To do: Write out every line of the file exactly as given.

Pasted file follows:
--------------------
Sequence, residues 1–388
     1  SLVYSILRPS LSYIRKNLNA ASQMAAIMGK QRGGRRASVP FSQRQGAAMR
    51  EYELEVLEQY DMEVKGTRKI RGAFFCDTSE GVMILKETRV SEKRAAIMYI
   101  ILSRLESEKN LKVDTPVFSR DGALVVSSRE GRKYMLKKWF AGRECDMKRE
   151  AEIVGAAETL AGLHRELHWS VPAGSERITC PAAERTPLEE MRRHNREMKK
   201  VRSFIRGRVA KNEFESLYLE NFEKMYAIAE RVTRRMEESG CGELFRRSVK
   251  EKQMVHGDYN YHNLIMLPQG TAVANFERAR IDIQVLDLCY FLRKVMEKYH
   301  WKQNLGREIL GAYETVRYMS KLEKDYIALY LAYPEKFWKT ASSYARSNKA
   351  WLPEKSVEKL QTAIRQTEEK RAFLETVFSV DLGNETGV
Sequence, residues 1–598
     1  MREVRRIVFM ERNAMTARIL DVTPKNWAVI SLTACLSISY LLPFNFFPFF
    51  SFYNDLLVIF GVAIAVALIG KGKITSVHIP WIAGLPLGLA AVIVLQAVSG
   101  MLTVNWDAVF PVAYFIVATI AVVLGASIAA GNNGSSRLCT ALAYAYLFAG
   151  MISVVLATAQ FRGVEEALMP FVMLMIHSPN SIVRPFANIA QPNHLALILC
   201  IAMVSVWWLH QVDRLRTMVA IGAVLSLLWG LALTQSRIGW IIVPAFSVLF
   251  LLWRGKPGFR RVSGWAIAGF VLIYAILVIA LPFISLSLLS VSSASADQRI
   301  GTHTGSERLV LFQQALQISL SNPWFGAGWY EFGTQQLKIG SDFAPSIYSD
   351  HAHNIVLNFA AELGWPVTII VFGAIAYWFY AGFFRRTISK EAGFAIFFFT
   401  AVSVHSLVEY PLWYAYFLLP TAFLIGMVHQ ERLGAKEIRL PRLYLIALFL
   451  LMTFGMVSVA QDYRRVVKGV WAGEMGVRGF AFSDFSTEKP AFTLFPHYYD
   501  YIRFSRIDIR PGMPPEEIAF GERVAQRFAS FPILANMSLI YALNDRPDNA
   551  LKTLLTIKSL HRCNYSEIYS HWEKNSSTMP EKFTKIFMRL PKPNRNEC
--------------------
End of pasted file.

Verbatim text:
Sequence, residues 1–388
     1  SLVYSILRPS LSYIRKNLNA ASQMAAIMGK QRGGRRASVP FSQRQGAAMR
    51  EYELEVLEQY DMEVKGTRKI RGAFFCDTSE GVMILKETRV SEKRAAIMYI
   101  ILSRLESEKN LKVDTPVFSR DGALVVSSRE GRKYMLKKWF AGRECDMKRE
   151  AEIVGAAETL AGLHRELHWS VPAGSERITC PAAERTPLEE MRRHNREMKK
   201  VRSFIRGRVA KNEFESLYLE NFEKMYAIAE RVTRRMEESG CGELFRRSVK
   251  EKQMVHGDYN YHNLIMLPQG TAVANFERAR IDIQVLDLCY FLRKVMEKYH
   301  WKQNLGREIL GAYETVRYMS KLEKDYIALY LAYPEKFWKT ASSYARSNKA
   351  WLPEKSVEKL QTAIRQTEEK RAFLETVFSV DLGNETGV
Sequence, residues 1–598
     1  MREVRRIVFM ERNAMTARIL DVTPKNWAVI SLTACLSISY LLPFNFFPFF
    51  SFYNDLLVIF GVAIAVALIG KGKITSVHIP WIAGLPLGLA AVIVLQAVSG
   101  MLTVNWDAVF PVAYFIVATI AVVLGASIAA GNNGSSRLCT ALAYAYLFAG
   151  MISVVLATAQ FRGVEEALMP FVMLMIHSPN SIVRPFANIA QPNHLALILC
   201  IAMVSVWWLH QVDRLRTMVA IGAVLSLLWG LALTQSRIGW IIVPAFSVLF
   251  LLWRGKPGFR RVSGWAIAGF VLIYAILVIA LPFISLSLLS VSSASADQRI
   301  GTHTGSERLV LFQQALQISL SNPWFGAGWY EFGTQQLKIG SDFAPSIYSD
   351  HAHNIVLNFA AELGWPVTII VFGAIAYWFY AGFFRRTISK EAGFAIFFFT
   401  AVSVHSLVEY PLWYAYFLLP TAFLIGMVHQ ERLGAKEIRL PRLYLIALFL
   451  LMTFGMVSVA QDYRRVVKGV WAGEMGVRGF AFSDFSTEKP AFTLFPHYYD
   501  YIRFSRIDIR PGMPPEEIAF GERVAQRFAS FPILANMSLI YALNDRPDNA
   551  LKTLLTIKSL HRCNYSEIYS HWEKNSSTMP EKFTKIFMRL PKPNRNEC